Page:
Cash & Liquidity ManagementCash ManagementHow to design a cash flow forecasting model

How to design a cash flow forecasting model

Any cash forecasting process relies upon a well-designed forecasting model, and getting that model right can significantly improve the accuracy of the end result. But there is no one-size-fits-all solution; each model must be tailored to the needs and objectives of each specific business.

One of the first steps in setting up a new cash flow forecasting process is designing a forecasting model.

If the forecasting model is well-designed from the outset it can drastically improve the quality of reporting outputs, thereby helping to achieve overall business objectives. However, it must be noted that there is not a universal solution. Well-designed, in this instance, means perfectly tailored to the precise business objectives identified at the outset.

Below is a high-level view of the key steps that can be taken to ensure this stage of the cash forecasting process is built well and fit-for-purpose.

Design the model outline upfront

A forecasting model is the reporting structure and associated logic that produces the required forecast output. A forecast model has two dimensions and typically collects two types of cash flow data.

The image below is a simplified version of a typical forecasting model:

The two dimensions of a forecasting model are

  1. Reporting periods – these might be daily, weekly, or monthly depending on the forecasting horizon and granularity.
  2. Cashflow classifications – these typically group cash flows to a “management reporting” level of detail. Depending on the needs of the business these could be more granular, e.g. receipts could be categorized at a customer level.

The two types of cash flow data in the model are:

  1. Actual data
  2. Forecast data

Choosing the right granularity and forecast horizon

When choosing the level of granularity for both the reporting periods and cash flow classifications it is important to strike a balance that meets business objectives. This means not getting bogged down in more detail than is needed, while at the same time not taking a view that’s too broad to highlight important data points.

To assist those currently deciding on the appropriate time horizon for their cash forecasting process, CashAnalytics are in the process of releasing a short series of articles which map objectives to horizons. The first explores the practical applications for the 13-week cash flow forecast.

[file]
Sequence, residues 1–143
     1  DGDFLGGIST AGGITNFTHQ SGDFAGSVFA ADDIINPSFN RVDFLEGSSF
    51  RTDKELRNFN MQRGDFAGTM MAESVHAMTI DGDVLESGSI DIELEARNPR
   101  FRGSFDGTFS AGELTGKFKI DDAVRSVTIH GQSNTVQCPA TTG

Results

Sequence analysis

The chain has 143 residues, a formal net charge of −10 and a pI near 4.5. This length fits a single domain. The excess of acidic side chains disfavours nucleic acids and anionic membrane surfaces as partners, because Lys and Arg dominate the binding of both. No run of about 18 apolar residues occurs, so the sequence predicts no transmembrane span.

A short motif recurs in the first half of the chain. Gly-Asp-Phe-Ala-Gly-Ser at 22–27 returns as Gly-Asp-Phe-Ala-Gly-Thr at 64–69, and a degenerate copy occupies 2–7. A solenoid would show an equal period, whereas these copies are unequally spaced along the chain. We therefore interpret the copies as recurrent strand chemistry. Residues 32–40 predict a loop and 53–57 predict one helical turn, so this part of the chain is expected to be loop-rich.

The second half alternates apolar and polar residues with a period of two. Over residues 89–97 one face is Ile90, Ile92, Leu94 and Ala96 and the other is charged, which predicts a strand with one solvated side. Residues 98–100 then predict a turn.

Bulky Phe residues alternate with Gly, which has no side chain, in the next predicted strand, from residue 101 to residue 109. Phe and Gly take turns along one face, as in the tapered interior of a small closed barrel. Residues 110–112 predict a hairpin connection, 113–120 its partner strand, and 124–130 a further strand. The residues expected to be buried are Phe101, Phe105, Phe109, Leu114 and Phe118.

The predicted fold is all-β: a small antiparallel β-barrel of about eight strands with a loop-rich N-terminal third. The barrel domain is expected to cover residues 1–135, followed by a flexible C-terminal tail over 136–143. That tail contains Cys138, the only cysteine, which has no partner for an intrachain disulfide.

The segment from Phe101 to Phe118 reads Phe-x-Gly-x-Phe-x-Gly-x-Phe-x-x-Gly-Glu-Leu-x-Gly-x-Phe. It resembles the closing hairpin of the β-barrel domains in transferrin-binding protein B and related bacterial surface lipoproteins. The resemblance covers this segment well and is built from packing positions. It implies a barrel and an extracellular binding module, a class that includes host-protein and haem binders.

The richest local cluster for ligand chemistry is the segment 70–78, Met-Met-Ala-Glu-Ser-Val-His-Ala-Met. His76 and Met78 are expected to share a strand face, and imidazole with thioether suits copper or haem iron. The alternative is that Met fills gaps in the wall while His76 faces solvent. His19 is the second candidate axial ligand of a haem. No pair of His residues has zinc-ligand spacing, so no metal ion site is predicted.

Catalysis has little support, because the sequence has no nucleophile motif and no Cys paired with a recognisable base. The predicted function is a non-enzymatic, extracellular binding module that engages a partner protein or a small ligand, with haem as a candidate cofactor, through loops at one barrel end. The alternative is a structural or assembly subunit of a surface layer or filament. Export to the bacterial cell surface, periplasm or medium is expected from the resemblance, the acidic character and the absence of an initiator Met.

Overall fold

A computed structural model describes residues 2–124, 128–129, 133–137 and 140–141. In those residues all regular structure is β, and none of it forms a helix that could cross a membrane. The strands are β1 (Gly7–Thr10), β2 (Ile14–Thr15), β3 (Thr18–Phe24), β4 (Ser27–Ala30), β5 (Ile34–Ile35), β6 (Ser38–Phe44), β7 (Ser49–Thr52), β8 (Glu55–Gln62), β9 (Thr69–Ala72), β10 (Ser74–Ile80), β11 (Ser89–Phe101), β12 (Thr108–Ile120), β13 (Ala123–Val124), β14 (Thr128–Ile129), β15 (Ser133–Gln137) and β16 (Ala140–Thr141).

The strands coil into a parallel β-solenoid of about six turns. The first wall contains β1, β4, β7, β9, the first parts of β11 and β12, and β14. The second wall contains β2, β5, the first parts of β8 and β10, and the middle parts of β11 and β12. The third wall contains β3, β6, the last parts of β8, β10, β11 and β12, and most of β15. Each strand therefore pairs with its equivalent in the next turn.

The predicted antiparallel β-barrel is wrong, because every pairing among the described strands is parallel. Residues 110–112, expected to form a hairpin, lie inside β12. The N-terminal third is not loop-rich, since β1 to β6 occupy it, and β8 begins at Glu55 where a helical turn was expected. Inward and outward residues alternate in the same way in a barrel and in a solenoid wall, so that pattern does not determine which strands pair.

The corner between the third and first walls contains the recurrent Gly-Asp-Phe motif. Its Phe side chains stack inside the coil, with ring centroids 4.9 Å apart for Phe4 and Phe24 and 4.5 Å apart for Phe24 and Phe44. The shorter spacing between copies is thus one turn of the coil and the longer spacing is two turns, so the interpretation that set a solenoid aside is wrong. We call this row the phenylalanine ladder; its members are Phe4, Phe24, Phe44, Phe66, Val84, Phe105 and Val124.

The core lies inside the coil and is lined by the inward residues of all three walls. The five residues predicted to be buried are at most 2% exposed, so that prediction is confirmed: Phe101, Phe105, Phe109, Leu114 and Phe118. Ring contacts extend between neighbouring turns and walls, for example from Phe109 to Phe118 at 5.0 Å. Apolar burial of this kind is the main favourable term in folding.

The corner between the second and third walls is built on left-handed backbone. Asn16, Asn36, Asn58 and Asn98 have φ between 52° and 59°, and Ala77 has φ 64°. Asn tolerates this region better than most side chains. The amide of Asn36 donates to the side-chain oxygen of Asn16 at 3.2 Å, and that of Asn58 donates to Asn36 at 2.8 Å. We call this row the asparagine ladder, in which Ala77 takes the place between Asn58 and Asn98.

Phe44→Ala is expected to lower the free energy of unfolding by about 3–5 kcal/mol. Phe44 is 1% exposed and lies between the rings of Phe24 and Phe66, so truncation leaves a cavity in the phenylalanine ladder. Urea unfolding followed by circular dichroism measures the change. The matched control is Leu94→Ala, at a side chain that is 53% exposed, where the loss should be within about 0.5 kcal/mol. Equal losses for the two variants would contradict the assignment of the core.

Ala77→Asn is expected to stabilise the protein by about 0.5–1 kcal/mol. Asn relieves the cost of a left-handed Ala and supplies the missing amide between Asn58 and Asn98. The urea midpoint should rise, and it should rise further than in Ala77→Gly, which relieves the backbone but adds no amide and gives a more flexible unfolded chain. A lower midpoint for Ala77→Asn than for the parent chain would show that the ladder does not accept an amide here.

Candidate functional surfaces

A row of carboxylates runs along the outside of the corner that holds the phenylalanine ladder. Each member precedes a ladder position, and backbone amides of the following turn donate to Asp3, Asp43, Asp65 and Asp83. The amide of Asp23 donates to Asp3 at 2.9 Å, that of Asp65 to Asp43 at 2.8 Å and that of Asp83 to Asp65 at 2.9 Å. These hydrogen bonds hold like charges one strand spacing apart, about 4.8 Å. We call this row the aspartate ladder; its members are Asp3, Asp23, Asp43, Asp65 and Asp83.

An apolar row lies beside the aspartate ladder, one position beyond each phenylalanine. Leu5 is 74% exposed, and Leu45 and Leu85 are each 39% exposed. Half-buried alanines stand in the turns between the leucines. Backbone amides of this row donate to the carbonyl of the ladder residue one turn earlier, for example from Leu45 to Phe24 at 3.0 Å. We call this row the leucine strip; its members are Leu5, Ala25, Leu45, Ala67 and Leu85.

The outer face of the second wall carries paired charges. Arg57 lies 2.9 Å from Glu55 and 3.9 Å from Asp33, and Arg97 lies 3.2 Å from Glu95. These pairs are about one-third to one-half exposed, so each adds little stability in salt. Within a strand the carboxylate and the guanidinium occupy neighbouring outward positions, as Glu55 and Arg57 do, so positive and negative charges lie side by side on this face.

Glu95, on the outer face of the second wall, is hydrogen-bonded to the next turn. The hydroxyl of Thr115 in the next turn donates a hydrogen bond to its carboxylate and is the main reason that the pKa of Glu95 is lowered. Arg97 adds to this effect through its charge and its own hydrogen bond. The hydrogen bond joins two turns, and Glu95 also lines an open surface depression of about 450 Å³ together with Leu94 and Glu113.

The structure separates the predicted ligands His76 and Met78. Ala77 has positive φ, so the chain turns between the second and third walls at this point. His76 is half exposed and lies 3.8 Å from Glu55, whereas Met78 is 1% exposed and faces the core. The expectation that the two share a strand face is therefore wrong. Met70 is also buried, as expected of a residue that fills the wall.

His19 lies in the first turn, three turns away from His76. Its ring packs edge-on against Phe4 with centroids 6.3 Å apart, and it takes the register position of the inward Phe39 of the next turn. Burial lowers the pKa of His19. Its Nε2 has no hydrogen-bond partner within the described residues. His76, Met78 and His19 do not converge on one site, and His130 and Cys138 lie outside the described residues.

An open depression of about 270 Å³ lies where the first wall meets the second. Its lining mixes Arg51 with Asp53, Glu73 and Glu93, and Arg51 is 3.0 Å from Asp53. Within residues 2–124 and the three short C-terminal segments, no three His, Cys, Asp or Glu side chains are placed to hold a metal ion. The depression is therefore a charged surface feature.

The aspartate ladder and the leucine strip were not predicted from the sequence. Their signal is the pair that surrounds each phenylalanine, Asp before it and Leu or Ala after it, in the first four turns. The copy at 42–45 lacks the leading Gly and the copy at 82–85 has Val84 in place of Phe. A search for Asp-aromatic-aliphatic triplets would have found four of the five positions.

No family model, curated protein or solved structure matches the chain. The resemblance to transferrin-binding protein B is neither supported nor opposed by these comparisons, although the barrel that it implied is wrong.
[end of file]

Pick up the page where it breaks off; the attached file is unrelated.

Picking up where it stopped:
The table below includes some illustrative business objectives. It suggests which forecast horizon, reporting date granularity, cash flow classifications, and frequency of creation would be suitable for each.

The key point is that the structure of the model chosen must be able produce the range of reporting outputs needed to meet the business objectives.

Including actual data

Actual cash data allows the forecast model to produce both trend and variance analysis which strengthens the process by providing supplementary analysis capabilities to the base forecast.

As was the case with the granularity decisions, choosing how much actual data to include will depend on the business objectives.

The above is an abridged version of a CashAnalytics article which outlines how to design a forecasting model in greater detail.

Setting a up a new cash forecasting process

CashAnalytics recently produced a guide to serve as a resource for anyone intending set up a new cash forecasting process. The guide is built on the experience CashAnalytics has in helping large, multinational organizations to automate their forecasting processes.

As a specialized cash flow software company, CashAnalytics has helped companies across a wide variety of industries, and has developed a thorough yet efficient set-up process that enables quick and easy integration. To download the pdf guide please click here.

www.cashanalytics.com

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